Wednesday, 27 June 2012

So much for data protection legislation eh?


Years ago (over twenty years ago) I spent a lot of time getting my head round the then novel idea of data protection. This mattered since is was Planning Director of a large direct marketing agency and databases and data management were our stuff - data protection rules mattered. And the basic premise was that the holder of data could allow that data to be used for a purpose that the data provider (that's you and me folks) did not permit. That permission was contained within the data protection registration and placed certain requirments on the data holder and data user.

It seems that the government (I suspect wrongly) believes these rules don't apply to them:

The shopping habits of Britain's 25 million supermarket loyalty card holders could be grabbed by the Government in an attempt to halt the UK's dangerous obesity crisis, it was claimed today.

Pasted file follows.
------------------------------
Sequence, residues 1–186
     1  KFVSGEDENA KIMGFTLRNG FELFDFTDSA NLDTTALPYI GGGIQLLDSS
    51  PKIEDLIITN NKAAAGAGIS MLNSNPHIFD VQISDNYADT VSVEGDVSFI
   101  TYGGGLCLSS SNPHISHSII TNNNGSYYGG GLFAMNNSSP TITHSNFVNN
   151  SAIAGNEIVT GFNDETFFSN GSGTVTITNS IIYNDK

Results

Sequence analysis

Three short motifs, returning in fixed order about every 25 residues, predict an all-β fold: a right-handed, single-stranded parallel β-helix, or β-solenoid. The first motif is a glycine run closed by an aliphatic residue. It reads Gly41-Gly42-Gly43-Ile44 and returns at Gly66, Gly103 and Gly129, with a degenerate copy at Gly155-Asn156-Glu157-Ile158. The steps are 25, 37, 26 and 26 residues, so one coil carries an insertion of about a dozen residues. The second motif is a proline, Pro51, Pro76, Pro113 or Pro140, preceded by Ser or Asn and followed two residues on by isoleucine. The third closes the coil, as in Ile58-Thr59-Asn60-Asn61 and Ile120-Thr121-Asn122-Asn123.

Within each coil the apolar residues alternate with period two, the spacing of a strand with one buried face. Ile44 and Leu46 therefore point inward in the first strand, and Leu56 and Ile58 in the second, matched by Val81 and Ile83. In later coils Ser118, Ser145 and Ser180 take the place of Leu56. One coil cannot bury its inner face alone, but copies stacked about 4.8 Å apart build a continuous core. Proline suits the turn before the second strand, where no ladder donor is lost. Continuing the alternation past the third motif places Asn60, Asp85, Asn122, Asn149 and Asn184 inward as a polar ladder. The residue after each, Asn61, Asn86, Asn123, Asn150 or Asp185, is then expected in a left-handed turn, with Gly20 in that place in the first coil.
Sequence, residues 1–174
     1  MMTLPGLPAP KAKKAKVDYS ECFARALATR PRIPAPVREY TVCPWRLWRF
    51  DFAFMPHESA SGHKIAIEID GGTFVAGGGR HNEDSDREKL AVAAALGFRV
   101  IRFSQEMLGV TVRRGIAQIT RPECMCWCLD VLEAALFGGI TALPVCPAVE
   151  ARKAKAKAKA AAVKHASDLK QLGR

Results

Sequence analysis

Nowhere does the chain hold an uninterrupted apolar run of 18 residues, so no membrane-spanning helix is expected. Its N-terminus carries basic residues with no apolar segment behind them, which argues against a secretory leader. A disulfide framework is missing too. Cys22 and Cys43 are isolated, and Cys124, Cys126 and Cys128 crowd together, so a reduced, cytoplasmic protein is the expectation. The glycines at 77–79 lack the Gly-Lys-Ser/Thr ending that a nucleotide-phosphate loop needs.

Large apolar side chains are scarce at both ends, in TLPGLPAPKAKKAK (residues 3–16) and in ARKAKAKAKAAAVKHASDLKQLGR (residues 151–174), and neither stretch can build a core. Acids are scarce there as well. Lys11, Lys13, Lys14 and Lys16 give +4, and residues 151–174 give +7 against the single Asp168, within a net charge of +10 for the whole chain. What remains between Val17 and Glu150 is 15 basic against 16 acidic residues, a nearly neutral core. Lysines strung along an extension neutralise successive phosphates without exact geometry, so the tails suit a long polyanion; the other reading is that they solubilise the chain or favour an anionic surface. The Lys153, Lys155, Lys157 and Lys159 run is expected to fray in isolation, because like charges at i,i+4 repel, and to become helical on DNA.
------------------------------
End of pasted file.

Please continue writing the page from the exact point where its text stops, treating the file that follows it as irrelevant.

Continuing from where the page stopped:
People who buy too much alcohol, fatty foods or sugary drinks would be targeted with 'tailored' health advice under plans being considered by the Coalition.
The data holder - the supermarket - could issue these warning letters but releasing the data to a third party (even the government) would surely breech data protection laws?

1 comment:

Anonymous said...

But if governments thought that privacy and data protection rules applied to them, they would close down GCHQ and Menwith Hill immediately.